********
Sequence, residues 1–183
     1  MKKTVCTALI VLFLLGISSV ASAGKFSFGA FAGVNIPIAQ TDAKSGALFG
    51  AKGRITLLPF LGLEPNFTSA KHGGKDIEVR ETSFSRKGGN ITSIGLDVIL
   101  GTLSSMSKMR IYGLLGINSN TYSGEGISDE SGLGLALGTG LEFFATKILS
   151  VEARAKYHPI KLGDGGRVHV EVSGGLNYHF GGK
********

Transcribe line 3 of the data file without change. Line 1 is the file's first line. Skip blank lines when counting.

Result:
    51  AKGRITLLPF LGLEPNFTSA KHGGKDIEVR ETSFSRKGGN ITSIGLDVIL